This project received the 2016 Project of the Year Award in the Environmental Category for projects over $75-million.
When San Francisco needed to replace the entire area’s critical clean water supply, built in 1932, to meet new earthquake-resistance standards, they turned to us. The tunnel passed seven active fault zones and encountered high-pressure ground water bearing explosive and noxious gases. Extensive dewatering, both surface and underground, was required to draw down the local water table. Due to the depth of the tunnel and the lack of surface access, tunnel excavations were sealed off by cementitious and chemical grouts as part of an extensive groundwater-control program. The area’s complex geology made for highly diverse subsurface conditions and surfaces ranging from solid hard rock to soft squeezing and running ground. Additional measures were mandated by the “Gassy Tunnel” designation from Cal OSHA’s Mines and Tunneling Unit. The project crossed environmentally sensitive and urban environments, requiring extensive traffic control as well as sound walls, view screens, wildlife exclusion fencing and other environmental mitigations. In conjunction with the Owner, we conducted extensive public outreach to ensure minimal project impact on the local community.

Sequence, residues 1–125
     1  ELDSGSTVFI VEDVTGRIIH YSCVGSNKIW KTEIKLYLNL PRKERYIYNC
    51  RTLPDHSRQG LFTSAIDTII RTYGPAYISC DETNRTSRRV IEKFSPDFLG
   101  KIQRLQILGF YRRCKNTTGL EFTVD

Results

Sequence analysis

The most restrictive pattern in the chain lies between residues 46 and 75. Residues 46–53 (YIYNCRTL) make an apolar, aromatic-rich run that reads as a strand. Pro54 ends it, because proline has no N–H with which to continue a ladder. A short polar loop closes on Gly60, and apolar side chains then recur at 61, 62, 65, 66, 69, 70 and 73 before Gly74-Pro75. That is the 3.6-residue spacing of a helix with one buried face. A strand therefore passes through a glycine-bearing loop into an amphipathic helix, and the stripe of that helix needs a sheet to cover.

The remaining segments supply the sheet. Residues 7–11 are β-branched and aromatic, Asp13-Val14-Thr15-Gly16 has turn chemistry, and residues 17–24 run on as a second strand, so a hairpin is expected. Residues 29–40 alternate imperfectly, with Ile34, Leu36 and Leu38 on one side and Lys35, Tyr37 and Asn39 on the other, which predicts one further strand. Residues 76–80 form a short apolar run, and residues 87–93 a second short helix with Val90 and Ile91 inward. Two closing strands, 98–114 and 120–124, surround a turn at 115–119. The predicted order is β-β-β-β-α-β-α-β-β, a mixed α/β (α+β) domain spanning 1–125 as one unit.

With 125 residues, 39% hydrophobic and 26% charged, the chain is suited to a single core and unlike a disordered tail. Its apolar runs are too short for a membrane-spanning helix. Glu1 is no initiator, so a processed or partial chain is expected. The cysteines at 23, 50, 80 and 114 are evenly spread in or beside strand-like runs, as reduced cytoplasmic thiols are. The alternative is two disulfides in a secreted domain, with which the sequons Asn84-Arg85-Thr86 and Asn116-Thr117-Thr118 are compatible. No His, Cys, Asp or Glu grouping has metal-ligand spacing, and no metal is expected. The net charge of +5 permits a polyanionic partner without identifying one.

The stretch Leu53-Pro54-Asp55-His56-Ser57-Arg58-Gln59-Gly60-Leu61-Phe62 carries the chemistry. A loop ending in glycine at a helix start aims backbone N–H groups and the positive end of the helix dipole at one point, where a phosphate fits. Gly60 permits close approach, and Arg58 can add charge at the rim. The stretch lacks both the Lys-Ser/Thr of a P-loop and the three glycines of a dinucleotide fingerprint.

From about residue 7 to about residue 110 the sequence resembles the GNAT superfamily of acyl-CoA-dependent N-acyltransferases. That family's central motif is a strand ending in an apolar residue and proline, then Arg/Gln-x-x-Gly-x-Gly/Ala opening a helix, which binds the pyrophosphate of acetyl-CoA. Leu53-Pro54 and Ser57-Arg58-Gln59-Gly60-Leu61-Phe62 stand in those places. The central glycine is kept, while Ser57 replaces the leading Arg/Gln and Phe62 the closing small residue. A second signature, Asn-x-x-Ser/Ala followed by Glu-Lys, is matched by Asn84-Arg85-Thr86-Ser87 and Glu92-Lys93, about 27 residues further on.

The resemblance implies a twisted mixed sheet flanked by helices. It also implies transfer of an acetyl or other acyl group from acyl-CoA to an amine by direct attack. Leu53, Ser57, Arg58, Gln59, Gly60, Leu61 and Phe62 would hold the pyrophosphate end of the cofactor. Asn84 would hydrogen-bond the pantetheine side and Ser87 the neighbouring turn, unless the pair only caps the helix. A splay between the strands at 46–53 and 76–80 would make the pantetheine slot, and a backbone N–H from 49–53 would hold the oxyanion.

Located in Sunol, CA, the $255-million New Irvington Tunnel Project conveys water from the Hetch Hetchy Reservoir to the San Francisco area. A 40 ft. diameter, 140 ft. deep temporary shaft along Vargas Road provided construction access. The tunnel was excavated by road header and drill-and-blast methods 30 to 700 ft. below ground. The completed 16.5 ft. ID tunnel stretches for 3.5 miles and is lined with 84″ welded steel pipe. It is grouted in place to withstand a magnitude 7.2 earthquake and comply with earthquake-resistance requirements.